Articles tagged with: tart


"Pie Story," by Sandy Bryan, "Best of Show" Winner 2013

How I Got Hooked on the Pie Contest


By Sandy Bryan

Guest Blogger, Pie Pals

The State Fair Pie Contest is one of the most fun things in my year.  I got started years ago (1986) after a visit to the Torrance County Fair, where I visited the exhibit building and saw the Pie Contest entries on display with their ribbons.  There were only a few pies, of course, and I was fascinated to realize that there was a pie contest, that regular people brought their pies and entered the contest, and that they were awarded ribbons. 

I remember thinking, I could do that!  I wondered, where and when is the Bernalillo County Fair?  Then I realized that in Albuquerque we have the New Mexico State Fair.  I was a little daunted, but I found out where and when to enter, then baked a blueberry pie sweetened with maple syrup, and off I went.  I won a blue ribbon, and I was hooked!

The next year I baked a cherry pie with cherry brandy for Pie Contest.  I won a blue ribbon and Best of Show!  Now I was really hooked!  Since then I have entered every year except one, when a family emergency took priority.  Some years I have come away with a second or third place ribbon, and a couple of years ago I came back empty-handed for the first time. I realized that probably needed to happen at least once and accepted it as a part of the life of a hard core pie baker.

After the blueberry pie and cherry pie successes, I moved to another pie I liked, perfected that pie, eventually won a ribbon for it, then moved on to another pie.  I say eventually, because in some cases I’ve won a ribbon the first time I entered a particular pie category, and sometimes I went back two or three or more times.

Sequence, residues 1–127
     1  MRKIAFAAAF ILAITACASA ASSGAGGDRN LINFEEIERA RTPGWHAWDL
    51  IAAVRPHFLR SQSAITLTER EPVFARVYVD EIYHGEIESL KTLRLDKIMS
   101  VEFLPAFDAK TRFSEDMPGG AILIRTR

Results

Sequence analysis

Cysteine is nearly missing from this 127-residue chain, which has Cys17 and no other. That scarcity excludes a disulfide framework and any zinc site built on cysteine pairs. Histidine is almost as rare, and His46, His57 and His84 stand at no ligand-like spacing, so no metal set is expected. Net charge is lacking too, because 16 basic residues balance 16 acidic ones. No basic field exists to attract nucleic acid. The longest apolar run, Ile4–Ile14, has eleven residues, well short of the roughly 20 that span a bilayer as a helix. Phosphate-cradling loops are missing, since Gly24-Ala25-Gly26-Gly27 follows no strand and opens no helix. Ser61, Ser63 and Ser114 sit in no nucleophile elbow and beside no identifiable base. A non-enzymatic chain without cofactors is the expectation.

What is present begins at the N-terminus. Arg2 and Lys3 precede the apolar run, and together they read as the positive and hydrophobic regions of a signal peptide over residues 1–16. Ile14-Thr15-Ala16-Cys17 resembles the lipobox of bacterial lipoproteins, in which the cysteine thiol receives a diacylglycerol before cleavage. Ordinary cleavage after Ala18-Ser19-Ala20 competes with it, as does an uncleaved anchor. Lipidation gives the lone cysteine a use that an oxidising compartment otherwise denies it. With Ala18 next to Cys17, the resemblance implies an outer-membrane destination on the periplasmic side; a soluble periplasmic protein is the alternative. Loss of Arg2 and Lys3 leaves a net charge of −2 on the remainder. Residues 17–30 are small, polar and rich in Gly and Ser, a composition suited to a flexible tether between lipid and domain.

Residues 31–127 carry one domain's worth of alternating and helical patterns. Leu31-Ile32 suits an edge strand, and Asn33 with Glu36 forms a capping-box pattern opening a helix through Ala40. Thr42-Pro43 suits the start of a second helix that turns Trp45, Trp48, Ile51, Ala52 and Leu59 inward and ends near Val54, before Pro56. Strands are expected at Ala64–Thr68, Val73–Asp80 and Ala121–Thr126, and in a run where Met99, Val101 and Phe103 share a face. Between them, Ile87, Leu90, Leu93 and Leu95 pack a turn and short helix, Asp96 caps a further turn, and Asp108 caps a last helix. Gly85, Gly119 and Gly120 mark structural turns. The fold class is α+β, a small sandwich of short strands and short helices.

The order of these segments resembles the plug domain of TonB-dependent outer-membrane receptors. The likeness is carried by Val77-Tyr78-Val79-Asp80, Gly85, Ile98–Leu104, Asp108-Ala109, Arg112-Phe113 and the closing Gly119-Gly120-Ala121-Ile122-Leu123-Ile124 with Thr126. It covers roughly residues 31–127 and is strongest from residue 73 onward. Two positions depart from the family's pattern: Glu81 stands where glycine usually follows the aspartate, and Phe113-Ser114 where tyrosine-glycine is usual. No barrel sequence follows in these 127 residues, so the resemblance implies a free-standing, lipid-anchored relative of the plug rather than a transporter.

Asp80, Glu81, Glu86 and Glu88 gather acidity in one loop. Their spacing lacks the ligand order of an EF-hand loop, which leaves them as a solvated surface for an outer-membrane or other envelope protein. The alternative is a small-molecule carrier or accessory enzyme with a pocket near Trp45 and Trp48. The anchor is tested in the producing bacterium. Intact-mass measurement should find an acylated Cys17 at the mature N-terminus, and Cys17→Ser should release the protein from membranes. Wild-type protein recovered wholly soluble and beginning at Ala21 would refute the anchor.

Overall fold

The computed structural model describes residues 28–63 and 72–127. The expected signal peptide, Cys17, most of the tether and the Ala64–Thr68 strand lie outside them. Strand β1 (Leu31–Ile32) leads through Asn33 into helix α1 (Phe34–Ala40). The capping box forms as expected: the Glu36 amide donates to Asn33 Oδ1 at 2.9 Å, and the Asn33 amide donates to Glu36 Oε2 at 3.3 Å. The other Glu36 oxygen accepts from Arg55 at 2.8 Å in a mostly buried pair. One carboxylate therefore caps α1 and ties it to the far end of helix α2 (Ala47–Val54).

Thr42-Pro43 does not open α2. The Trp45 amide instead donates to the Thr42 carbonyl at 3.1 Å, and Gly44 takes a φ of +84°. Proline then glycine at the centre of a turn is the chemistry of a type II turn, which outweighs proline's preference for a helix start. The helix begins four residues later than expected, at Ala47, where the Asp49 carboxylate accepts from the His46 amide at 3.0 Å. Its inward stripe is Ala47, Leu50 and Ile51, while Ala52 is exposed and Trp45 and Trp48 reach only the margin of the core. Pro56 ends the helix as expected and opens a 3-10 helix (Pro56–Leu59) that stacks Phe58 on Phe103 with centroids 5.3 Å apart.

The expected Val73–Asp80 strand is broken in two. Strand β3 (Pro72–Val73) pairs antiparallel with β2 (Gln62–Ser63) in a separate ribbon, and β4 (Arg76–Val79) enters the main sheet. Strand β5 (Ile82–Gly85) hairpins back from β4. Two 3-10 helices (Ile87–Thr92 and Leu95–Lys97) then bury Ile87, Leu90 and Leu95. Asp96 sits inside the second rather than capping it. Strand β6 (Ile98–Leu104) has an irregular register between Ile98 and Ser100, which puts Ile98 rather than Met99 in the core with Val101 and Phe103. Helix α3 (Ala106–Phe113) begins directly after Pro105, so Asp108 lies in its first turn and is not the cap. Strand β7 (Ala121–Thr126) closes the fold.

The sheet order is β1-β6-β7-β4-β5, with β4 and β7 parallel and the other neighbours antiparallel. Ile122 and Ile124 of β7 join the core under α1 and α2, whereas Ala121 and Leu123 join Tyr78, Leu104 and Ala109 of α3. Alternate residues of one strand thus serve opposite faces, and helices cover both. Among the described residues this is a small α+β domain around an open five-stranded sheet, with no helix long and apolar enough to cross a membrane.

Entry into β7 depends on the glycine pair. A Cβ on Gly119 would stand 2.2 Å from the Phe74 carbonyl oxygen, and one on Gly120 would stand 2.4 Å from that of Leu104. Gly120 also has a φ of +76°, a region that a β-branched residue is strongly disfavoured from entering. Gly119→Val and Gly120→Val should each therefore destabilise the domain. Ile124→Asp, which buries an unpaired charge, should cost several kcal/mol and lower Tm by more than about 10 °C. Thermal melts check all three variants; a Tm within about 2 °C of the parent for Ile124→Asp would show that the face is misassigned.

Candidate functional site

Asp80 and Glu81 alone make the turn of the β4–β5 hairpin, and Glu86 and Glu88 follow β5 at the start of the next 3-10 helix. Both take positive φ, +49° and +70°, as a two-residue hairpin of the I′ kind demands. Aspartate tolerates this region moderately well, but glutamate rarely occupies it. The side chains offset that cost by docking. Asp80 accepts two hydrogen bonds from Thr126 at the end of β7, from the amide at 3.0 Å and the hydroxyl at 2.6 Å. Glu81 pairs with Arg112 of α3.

I recall my quest for the blue ribbon for pecan pie.  After the first time I entered and failed to garner a ribbon, a friend remarked to me that her neighbor had been the judge, and he was a fan of a very sweet pecan pie.  Well that’s okay, I don’t do that.  I went back the next year, and there was a different judge, who raved about the beautiful whole pecans in the winning pie.  My pecans were chopped. The next year, the judge went on about the way chopping the pecans releases the volatile nut oils, enhancing the wonderful flavor of the pie.  What to do!  Meanwhile, my loyal friends who served as pie tasters were going through the agonies with me!  What to do to get that ribbon for pecan pie?  Finally, on about the fifth or sixth year, I had my partner, a former precision machinist, come to my kitchen and cut each pecan half crosswise into four perfect pieces, mixed my filling, put it in the pie shell, then covered the top in concentric circles of pecan halves.  Whoever’s judging, here’s your pie!  I finally got my blue ribbon and moved on.  Thank goodness!

All this is to illustrate the trials and tribulations of a pie contest.  You really challenge yourself to do your best.  Sometimes you get a ribbon, sometimes you don’t.  It sure is fun!  I’ve involved the people in my daily life, giving ongoing updates on my research and test pies, having pie tastings to get their input.  Sometimes I’ll make a batch of pie filling, divide it into several parts and add different ingredients to different samples, then bake into mini-pies for side-by-side testing.  That’s one way to figure out what tastes best. 

After winning several ribbons, I challenged myself to see if I could win blue ribbons in every category.  This has meant developing skills in baking pies I’d never particularly considered, and it has widened my pie baking knowledge considerably.  Without meaning to, I’ve become an accomplished baker, far beyond where I was at the beginning. 

This is exactly what pie contest should do for all of us.  All it takes is stepping out and entering your first pie, and the road opens up before you.  Whether you win or not, you learn.  The judges give their critiques and often point out how to remedy the problem, so you know what to do next time.